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Unemployment Insurance

I am the one in ten
A number on a list
I am the one in ten
Even though I don’t exist
Nobody knows me
Even though I’m always there
A statistic, a reminder
Of a world that doesn’t care1

Thus go the lyrics of the chorus from one of the best known hits of Britain’s most famous pop/reggae band, UB 40. The song, One in Ten, is a reference to the unemployment statistic in Britain in the early 1980’s when the band’s popularity was nearing its height. The band takes its name2 from the form used to register for the ‘dole’ (Britain’s unemployment benefit) namely Unemployment Benefits Form 40. The cover of the band’s first album Signing Off is a replica of that form, and the name of the record indicated that the band was, well, signing off from, or ending, their individual claims for unemployment benefit.

In South Africa, whilst there are social welfare grants, what is referred to as unemployment insurance, works in a slightly different way. The ‘dole’ is like our social welfare grant system, whereas our ‘UIF’ (as it is commonly known) is a fund to which employers and employees contribute and from which employees who become unemployed (or their beneficiaries) are entitled to benefits.

The Unemployment Insurance Act 20013 falls under the authority of the Minister of Labour. It covers a variety of benefits in addition to unemployment: illness, maternity, adoption and dependants are included.

A. UIF officials and employees

  1. Any person who discloses information obtained in the performance of any functions contemplated in the Act commits a criminal offence.4 5

  2. If you make a false entry on the record card of a contributor (or on any other book or document relating to his employment history, or his claim for benefits) you commit a crime.6

B. False and misinformation

  1. It is a crime to make a statement in an application for benefits (or cause one to be made) which you know is false.7

  2. It is also a crime knowingly to make a false statement which results in an incorrect payment of benefits.8

  3. It is an offence if you fail to inform the claims officer should you resume work during the period in respect of which benefits were being paid.9

C. General

The Act provides that it is a criminal offence to ‘contravene, or refuse or fail to fully comply with any provision’ of the Act.10 Because the Act establishes entitlements to various benefits, and the procedures that are to be followed, not many provisions address prohibited conduct. Nevertheless, what is set out hereunder is a listing of the more likely provisions intended by the Legislature to carry criminal sanction if contravened.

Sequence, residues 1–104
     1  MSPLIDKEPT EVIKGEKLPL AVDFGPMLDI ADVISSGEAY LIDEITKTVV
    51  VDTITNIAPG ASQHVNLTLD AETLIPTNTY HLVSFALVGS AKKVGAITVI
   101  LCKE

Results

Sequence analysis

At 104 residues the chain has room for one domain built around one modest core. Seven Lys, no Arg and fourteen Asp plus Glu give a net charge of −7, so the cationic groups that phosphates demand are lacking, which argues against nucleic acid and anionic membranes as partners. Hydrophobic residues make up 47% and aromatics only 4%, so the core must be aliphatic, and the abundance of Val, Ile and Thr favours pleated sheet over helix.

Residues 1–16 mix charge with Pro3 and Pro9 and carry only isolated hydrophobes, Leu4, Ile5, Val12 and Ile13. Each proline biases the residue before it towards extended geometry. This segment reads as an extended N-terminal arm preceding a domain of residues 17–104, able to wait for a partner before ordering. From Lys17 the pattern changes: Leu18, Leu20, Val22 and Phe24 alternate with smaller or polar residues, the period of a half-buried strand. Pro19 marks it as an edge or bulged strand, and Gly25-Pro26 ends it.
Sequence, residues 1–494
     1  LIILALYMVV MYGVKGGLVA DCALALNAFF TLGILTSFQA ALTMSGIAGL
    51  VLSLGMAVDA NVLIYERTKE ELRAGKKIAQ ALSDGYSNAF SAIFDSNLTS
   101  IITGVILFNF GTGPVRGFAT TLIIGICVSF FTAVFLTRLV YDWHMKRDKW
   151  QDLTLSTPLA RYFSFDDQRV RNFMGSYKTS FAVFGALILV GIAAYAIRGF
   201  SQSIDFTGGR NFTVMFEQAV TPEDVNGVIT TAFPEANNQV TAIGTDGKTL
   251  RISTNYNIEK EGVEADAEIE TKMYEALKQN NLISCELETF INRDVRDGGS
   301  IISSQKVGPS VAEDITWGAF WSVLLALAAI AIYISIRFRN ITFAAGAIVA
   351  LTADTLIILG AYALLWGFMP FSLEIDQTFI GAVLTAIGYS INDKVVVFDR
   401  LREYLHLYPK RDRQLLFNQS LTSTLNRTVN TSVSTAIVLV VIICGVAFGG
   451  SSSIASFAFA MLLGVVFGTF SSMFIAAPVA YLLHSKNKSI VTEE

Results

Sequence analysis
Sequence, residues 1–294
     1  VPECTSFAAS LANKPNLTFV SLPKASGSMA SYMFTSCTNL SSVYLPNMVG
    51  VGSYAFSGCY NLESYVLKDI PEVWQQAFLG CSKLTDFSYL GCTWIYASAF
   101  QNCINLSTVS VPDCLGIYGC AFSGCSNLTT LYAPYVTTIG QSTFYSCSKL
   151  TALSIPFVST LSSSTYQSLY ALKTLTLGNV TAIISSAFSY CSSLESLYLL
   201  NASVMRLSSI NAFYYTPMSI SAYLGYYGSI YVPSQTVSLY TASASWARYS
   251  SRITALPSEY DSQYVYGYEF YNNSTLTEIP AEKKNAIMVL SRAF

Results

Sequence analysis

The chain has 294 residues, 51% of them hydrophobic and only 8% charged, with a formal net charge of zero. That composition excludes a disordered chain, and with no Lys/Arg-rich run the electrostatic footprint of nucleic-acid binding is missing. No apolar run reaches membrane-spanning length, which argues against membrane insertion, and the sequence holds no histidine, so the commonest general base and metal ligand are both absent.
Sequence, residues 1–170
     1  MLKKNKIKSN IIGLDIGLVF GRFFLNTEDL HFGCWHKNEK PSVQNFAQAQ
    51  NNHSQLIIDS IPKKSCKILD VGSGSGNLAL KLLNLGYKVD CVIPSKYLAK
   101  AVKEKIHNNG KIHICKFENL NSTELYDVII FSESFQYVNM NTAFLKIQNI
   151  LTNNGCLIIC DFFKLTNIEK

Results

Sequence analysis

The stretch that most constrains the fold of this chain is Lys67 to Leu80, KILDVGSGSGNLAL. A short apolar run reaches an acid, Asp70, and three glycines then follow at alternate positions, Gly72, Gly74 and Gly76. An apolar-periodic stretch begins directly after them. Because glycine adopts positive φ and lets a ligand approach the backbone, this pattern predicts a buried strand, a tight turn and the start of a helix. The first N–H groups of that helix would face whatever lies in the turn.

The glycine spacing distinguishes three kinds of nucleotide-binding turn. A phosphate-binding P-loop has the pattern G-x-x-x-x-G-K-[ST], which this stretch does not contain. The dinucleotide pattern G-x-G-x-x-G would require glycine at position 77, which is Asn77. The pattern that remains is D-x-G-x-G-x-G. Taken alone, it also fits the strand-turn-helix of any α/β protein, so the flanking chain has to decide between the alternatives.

1. Contributors or dependents who have been paid benefits that they are not entitled to, or have been paid benefits in excess of their entitlement, must repay such benefits to the Fund with 90 days of a written demand from the Unemployment Insurance Commissioner to do so.11

  2. A labour inspector who has reasonable grounds to believe that an employer has not complied with any provision of this Act may issue a ‘compliance order’. An employer must comply with this order within the period stated.12 13

  3. An employer must ensure that every statement or other information which must be kept, or submitted, is correct.14

  4. Every employer must, as soon as it commences activities as an employer, provide:
    • the street address of its business, and any of its branches;15
    • if the employer is not resident in the Republic, or is a body corporate not registered in the Republic, include the particulars of the authorised person who is required to carry out the duties of the employer;16
    • include the names, identification numbers and monthly remuneration of each of its employees;17 and
    • state the address at which the employee is employed.18
  5. Every employer must, before the seventh day of each month, inform the Commissioner of any change during the previous month in any information so furnished.19

  6. The Commissioner may request the employer to provide such additional particulars as may reasonably be required to give effect to the purpose of the Act. The employer must do so within 30 days of the request, or within such extended period as the Commissioner may allow.20

  7. Failure to pay moneys due (or to make regular payments) to the Commissioner in terms of the Act (or the Unemployment Insurance Contributions Act) is an offence.21

  8. Failure to comply with a duty imposed by the Act leading to loss or damage to the fund is an offence.22
  1. The chorus from the song on the band’s second album, ‘Present Arms’. 

  2. At the time of writing, a passing off action is on the go in England’s High Court about the rights to the name. Three former members of the 9-piece band left, continuing to call themselves UB40, whilst the original band still exists. Oops. 

  3. As amended; the latest amendments are effected by Act 20 of 2016. 

  4. Unless the disclosure is authorised in terms of the Act – See section 63(1). 

  5. Section 63(2) read with section 63(1). 

  6. Section 64(1)(b) read with section 64(2). 

  7. Section 64(1)(a) read with Section 64(2). 

  8. Section 64(1)(a) read with section 64(2). 

  9. Section 61(1)(b). 

  10. Section 64(1)(c). 

  11. Section 35(1) and (4). 

  12. Unless the employer follows the objection route in terms of section 40. 

  13. Section 38(1) read with section 39(1), (2) and (4). 

  14. Section 42. 

  15. Section 56(2)(a). 

  16. Section 56(2)(b). 

  17. Section 56(2)(c). 

  18. Section 56(2)(c). 

  19. Section 56(3). 

  20. Section 56(4). 

  21. Section 61(1)(a). 

  22. Section 61(1)(d).